Ripper Street: The Stranger’s Home, Part 2

Al-Qadir salutes his queen in season 4 episode 2 of Ripper StreetPreviously on Ripper Street: The body of an Indian man washed up on the riverbanks, inconveniently near the docks worked by some union guys. Their rep, Teague, was NOT happy and accused a rival, Croker, of planting the body so Croker could steal the business of unloading ships while the dock was shut down. The dead man’s name is Sayid, and he’s not some lowly ‘lascar’ as many assumed, but an Oxford-educated barrister whose father is a Major in the Indian army and happens to be in town for the Queen’s jubilee. Together with his law partner, Hafeez, Sayid was pretty active in an organization devoted to promoting Muslims. While Drake’s looking into all that, Jackson is scrambling to save Susan from her appointment with the hangman, which is a mere two days hence. They had hoped to bribe her way out of prison, but they can’t get their hands on her father’s money, so that’s not happening. And time is ticking. Time’s also ticking for Isaac Bloom, onetime pal of Reid, who is now under a death sentence of his own for having quite brutally killed a rabbi. Reid is convinced to come out of retirement to look into the case.

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Victoria: Long Live the Queen

Olivia Coleman as Victoria at her coronationIn a bid to keep that sweet, sweet Downton Abbey magic going, ITV has once more dipped into the costume drama well. This time, they’re focussing on one of Britain’s most famous monarchs: Queen Victoria. Long-lived, emotionally unstable, obsessive, determined, tough, enormously self-centred–yeah, I think it’s fair to say there’s quite a lot to mine here. And she ruled over Britain during a time of massive social, cultural, and economic change, as the British Empire reached its zenith and other monarchies started to topple. How’d they handle it? Let’s see.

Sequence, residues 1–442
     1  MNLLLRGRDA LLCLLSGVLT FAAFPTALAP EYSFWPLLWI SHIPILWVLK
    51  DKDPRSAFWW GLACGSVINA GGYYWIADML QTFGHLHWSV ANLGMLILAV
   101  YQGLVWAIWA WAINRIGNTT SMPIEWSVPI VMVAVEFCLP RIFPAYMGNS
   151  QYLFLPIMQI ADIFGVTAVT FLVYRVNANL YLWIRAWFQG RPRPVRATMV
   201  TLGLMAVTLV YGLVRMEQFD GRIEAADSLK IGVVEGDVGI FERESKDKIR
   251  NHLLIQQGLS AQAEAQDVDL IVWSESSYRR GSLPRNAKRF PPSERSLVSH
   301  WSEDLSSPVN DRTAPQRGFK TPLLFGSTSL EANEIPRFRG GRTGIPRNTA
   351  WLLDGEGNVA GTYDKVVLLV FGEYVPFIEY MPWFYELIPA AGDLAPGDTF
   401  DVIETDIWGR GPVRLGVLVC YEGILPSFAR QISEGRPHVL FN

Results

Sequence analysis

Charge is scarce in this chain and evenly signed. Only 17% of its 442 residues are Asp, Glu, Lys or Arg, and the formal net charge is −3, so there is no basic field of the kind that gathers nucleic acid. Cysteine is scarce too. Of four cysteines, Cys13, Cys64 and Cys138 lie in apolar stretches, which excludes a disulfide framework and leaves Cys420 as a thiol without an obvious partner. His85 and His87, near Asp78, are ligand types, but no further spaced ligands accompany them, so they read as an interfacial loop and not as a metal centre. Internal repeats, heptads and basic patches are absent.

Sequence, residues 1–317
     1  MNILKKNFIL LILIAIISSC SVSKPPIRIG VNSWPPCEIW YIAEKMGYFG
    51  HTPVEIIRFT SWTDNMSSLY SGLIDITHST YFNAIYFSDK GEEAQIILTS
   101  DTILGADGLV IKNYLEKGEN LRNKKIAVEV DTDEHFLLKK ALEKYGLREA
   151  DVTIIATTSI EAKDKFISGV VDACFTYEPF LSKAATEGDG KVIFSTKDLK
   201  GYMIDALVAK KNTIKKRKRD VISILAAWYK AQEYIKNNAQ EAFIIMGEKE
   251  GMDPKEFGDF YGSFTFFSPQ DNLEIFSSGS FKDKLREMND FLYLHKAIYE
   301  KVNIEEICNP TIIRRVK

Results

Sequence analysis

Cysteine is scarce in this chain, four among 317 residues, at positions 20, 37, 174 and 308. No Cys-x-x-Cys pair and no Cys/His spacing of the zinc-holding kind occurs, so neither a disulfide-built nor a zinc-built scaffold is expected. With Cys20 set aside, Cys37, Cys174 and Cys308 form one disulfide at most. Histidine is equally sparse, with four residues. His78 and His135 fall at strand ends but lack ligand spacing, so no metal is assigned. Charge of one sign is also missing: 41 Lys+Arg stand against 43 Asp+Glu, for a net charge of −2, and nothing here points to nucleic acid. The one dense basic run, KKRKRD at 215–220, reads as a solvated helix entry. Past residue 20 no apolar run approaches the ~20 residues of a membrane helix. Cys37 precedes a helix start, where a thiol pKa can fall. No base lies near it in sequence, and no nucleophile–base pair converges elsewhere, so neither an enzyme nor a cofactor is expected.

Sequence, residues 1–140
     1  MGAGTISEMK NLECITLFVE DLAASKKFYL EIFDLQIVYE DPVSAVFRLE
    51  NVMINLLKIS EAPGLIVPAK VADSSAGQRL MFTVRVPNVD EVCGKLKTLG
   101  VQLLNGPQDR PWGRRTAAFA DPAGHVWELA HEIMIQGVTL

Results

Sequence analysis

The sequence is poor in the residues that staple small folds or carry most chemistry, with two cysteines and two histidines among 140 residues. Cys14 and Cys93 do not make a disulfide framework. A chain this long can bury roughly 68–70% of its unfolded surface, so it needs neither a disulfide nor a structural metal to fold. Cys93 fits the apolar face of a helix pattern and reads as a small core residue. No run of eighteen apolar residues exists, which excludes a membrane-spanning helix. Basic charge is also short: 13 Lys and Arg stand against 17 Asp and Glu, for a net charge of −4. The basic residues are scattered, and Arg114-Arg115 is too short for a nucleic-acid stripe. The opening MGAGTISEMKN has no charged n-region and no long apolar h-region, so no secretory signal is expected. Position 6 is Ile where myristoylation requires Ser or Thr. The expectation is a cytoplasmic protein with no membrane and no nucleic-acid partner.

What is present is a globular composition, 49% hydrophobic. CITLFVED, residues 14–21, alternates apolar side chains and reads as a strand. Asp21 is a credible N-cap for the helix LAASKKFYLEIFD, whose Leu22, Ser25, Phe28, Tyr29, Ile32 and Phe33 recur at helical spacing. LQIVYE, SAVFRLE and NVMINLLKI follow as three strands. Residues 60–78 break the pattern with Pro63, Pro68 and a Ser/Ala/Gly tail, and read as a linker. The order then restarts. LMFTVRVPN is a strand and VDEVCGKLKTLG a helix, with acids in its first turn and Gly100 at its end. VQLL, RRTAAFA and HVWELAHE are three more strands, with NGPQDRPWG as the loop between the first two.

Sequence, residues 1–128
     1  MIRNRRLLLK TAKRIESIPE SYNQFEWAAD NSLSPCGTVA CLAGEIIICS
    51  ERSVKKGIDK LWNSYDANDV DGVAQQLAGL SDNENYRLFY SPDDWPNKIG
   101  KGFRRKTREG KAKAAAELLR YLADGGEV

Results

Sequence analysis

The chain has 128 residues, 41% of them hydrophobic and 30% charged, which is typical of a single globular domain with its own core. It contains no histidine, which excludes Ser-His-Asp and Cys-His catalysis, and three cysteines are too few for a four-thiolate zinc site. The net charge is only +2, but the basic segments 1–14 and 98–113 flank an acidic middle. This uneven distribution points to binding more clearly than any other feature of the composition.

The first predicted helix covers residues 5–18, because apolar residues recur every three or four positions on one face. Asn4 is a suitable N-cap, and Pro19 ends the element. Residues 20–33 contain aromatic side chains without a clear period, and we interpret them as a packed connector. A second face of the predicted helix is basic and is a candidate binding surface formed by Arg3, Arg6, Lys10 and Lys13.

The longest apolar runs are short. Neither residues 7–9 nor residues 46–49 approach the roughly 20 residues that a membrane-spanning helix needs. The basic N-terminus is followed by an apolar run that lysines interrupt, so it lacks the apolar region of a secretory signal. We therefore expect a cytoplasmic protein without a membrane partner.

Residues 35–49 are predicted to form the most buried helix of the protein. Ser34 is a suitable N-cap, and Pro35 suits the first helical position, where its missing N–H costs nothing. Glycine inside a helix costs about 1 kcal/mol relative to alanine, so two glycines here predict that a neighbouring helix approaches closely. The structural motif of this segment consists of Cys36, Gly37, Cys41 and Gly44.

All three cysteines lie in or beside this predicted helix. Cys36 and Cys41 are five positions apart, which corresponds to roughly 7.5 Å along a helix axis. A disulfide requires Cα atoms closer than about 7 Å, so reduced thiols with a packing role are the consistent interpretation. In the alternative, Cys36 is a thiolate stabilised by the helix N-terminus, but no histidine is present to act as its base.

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Ripper Street: The Stranger’s Home, Part 1

Edmund Reid looking at his hatPreviously on Ripper Street: Susan got it into her head to derail a train in order to steal some bonds belonging to her evil father. Unfortunately, she also derailed a passenger train, which crashed almost literally at H Division’s front door, killing more than 50 people and giving us an entire season’s worth of plotlines to explore. Those plotlines led to her (and our Justice League) murdering her father by locking him up in the cell that formerly housed Matilda Reid. So he’s dead, and Susan’s in prison for multiple cases of homicide. She was also pregnant with Jackson’s baby, because these two simply can’t untangle themselves from each other, ever. Rose and Drake finally got together, and Drake was poised to take over H Division, just as soon as Reid could let the place go, already. He finally did, and went off to live idyllically by the seaside with his recently rediscovered daughter.

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The Living and the Dead: Creepy Child